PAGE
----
Generally you will always find something flowering somewhere in the Australian bush, but during spring our bush puts out its full colour pallet. Influenced by rain and sunshine and boasting up to 12,000 known species, the Western Australian wildflower season spreads over several months starting from July in the north till November in the south
On Sunday we finally had the chance to go walking in one of our favourite patches of bush, Manea Park, near Bunbury.
In the collage below you can see some of our native orchids. The south west of Western Australia has more than 350 terrestrial orchid species. And when you are walking through the bush you really have to look carefully to find these beautiful little orchids.
I wouldn't pretend to know that exact name of each of these because in each family there are many varieties, so I will give you the family name - from left to right -
Donkey orchid, Queen of Sheba, Cowslip, White Spider orchid, Bee orchid, Pink Fairy, Enamel orchid, Jug orchid, Silky blue orchid, Shell orchid.
Another image of the Queen of Sheba. Beautiful isn't she! It is so amazing that for such a brilliantly coloured orchid, you can walk right by her if you are not looking in the right direction. Also being a sun orchid, they are likely to be closed on cloudy days. There are three known forms - one found Lancelin to Dongara, this one you see which grows Perth to Albany, and a third which grows between the Stirling Ranges and Esperance.
And some other wildflowers we saw today at Manea Park.
from top left - Dampera, Hibbertia, Pink Rainbow, Fringe Lily, Pepper and Salt, one of the Pea family, (bottom left) Blue Squill, another of the Pea family, Hovea, Blue Squill
A view along the pathway at Manea Park... There is a bench so you can stop and sit a while....
Later on in the day after we came home, I walked up to a little patch of bush near our home. Sadly introduced foreign invasive grasses and huge populations of freesias are taking over and choking out the native wildflowers. As much as I love freesias (I picked a bunch and brought them home), they shouldn't be there. And it saddens me to see the grasses spreading further and further into our patch of bush.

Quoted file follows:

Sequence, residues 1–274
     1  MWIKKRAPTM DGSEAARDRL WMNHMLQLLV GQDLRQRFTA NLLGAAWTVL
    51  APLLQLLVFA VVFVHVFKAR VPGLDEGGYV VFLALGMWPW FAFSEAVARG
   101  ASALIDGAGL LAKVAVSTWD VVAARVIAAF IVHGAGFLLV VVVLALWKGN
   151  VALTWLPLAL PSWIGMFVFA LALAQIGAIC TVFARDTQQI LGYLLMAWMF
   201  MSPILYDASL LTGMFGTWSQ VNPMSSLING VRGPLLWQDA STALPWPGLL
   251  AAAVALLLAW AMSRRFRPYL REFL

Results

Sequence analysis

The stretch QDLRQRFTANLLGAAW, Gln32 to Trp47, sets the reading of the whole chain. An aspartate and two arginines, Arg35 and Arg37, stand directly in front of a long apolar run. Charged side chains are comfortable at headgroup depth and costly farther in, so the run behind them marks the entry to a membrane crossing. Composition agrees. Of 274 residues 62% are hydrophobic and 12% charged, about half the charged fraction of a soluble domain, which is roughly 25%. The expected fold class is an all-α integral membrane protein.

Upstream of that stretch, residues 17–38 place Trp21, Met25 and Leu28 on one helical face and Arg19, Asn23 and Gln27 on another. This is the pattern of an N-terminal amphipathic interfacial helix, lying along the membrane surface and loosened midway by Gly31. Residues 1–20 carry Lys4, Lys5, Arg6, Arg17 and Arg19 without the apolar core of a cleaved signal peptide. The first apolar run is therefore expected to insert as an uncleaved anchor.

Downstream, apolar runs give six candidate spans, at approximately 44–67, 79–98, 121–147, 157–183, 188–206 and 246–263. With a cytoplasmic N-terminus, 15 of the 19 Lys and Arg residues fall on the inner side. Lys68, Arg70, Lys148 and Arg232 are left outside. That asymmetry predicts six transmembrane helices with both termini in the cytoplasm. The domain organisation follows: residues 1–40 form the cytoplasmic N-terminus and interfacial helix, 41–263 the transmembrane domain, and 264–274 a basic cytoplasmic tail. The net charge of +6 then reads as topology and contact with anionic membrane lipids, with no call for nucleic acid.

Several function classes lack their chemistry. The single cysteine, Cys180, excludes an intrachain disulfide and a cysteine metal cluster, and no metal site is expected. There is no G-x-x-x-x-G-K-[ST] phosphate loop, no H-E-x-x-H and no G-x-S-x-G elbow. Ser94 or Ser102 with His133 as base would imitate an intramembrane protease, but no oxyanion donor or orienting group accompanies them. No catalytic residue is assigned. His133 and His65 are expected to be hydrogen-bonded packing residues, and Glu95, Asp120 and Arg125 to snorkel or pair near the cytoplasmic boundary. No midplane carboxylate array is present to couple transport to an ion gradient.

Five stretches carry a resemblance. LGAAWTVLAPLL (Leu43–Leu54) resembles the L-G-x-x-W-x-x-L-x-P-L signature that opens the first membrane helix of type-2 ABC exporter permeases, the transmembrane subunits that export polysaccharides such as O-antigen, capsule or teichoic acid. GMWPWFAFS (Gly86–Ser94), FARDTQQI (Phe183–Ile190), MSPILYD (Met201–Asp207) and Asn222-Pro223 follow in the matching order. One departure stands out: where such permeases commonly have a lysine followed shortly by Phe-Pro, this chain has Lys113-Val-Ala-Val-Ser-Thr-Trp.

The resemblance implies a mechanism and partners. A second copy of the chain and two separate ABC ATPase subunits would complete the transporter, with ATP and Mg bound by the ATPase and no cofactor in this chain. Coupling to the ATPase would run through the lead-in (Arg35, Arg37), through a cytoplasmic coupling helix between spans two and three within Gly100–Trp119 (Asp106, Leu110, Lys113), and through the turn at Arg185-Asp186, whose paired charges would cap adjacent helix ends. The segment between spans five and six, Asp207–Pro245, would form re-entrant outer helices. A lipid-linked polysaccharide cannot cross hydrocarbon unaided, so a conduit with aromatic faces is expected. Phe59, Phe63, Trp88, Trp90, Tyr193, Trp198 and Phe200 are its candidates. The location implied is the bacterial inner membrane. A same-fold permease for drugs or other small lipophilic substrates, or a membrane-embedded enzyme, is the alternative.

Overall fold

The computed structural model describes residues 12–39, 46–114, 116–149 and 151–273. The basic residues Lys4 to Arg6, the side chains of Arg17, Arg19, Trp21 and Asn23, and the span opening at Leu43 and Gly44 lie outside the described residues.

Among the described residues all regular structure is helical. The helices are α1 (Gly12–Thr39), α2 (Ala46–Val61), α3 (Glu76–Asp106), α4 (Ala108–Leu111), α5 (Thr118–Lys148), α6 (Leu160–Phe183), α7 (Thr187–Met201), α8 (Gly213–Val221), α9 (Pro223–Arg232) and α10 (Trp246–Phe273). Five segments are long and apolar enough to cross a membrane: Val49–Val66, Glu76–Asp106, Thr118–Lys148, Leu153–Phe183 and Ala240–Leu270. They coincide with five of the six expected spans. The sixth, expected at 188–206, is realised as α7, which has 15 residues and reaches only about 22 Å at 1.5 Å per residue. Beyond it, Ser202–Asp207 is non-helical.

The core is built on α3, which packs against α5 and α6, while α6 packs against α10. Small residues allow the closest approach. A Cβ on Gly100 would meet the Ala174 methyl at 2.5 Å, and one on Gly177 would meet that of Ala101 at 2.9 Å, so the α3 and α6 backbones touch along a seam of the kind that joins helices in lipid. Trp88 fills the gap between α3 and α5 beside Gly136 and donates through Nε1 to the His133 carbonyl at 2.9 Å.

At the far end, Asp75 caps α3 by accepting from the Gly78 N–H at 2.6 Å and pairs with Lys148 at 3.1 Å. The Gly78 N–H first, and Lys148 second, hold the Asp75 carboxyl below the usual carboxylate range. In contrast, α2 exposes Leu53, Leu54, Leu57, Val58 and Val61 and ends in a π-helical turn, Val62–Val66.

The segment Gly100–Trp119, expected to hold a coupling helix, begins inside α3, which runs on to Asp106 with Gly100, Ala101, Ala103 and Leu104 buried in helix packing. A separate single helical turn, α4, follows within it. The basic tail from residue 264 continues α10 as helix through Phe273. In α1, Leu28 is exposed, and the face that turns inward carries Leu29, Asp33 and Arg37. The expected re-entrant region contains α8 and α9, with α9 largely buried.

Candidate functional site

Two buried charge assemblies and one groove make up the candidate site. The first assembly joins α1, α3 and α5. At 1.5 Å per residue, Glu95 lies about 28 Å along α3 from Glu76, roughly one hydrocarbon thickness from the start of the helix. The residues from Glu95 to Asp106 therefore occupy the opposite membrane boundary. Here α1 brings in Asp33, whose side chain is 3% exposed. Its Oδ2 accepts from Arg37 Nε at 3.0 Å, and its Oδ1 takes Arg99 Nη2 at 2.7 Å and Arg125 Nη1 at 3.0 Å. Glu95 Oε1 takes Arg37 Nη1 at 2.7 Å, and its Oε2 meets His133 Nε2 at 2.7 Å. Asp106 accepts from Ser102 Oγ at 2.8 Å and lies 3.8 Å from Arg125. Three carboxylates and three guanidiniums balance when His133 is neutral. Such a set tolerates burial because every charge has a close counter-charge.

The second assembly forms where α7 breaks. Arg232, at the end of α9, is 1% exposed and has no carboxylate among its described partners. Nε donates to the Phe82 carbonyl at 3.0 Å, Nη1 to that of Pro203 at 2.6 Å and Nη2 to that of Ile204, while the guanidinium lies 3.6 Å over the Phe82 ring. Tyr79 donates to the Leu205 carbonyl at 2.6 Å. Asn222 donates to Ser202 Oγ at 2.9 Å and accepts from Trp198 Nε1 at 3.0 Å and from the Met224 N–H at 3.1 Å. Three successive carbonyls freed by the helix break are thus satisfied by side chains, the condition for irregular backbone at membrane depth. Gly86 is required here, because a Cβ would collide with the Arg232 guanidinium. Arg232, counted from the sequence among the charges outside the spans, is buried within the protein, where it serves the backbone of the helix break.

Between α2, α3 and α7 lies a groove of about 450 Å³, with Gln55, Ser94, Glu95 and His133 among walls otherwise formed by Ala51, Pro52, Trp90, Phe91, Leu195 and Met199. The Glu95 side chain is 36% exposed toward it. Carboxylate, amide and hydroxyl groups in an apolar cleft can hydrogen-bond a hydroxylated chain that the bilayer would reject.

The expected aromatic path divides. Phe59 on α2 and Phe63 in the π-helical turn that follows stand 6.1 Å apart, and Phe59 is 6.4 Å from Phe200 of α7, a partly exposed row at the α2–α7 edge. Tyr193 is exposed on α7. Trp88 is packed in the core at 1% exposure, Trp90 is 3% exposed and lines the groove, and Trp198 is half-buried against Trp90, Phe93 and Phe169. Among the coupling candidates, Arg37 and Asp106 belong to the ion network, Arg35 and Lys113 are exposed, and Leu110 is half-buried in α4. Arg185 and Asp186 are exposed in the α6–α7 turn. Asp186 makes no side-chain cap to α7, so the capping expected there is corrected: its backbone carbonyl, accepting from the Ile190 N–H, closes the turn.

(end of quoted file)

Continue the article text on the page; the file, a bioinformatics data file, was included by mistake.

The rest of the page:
I feel like I have to photograph the native wildflowers in our patch of bush before it is too late. Here are some of them I photographed yesterday....
from left to right - Wattle, Western Australia's floral emblem the red Mangles Kangaroo Paw, Donkey orchid, Purple Tassels, White Tassels, Pink Fairy orchid, Running Postman, Hibbertia, Rush Cottonheads, White Spider orchid, Cowslip orchid, and Milkmaids.
This little one is a favourite of mine - Wild Violets -
And a view along the pathway... you can see the invasive grass in this image....our bushland shouldn't be like this - this is not part of our bush ecology. Every summer they burn the grass in the undergrowth, but every year it seems to come back stronger and more widespread. I fear it is too late to do anything about it now and after a while there will be no more native wildflowers. Even some of the banksia trees are starting to die - they say that is because of climate change.
But - it is still lovely to have this patch of bush near our home in suburbia. Do you have a patch of bush near you that you enjoy?
I hope you enjoyed this little wildflower walk. Have a wonderful week, and take a walk in a patch of bush near you sometime soon!
Your comments are precious to me, and I look forward to hearing from you.
A couple of good books are Eddy Wajon's 3 part series - Colour Guide to Spring Wildflowers of Western Australia (Wajon Publishing), the Department of Environment & Conservation bush books, and Guide to Native Orchids of South Western Australia by Bob Liddlelow (R &R Publications)
I am linking up to Mary and other wonderful contributors at Mosaic Monday - click on the link here to see their work - Mosaic Monday at Little Red House